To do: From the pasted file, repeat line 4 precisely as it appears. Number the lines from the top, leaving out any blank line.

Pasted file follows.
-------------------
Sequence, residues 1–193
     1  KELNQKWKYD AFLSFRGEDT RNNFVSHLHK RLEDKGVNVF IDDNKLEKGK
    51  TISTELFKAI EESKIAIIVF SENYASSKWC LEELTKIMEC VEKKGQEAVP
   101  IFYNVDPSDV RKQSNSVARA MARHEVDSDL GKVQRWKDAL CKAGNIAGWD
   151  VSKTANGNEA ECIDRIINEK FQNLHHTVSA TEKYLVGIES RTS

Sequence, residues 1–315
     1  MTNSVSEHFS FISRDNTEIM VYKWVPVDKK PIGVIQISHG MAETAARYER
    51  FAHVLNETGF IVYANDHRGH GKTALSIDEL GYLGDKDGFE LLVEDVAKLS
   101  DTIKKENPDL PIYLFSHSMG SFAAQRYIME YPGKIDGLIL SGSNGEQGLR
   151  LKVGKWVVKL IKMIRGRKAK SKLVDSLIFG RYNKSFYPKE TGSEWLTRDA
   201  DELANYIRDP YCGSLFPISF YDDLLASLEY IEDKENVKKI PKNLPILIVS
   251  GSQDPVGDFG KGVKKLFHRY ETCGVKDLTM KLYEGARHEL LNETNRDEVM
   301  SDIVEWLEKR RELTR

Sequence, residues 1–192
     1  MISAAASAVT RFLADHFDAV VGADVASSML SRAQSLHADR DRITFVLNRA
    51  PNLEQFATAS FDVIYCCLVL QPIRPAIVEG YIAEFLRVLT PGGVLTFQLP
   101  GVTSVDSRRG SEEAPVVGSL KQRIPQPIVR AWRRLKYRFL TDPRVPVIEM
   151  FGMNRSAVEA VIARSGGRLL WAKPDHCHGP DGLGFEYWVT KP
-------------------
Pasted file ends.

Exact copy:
   101  IFYNVDPSDV RKQSNSVARA MARHEVDSDL GKVQRWKDAL CKAGNIAGWD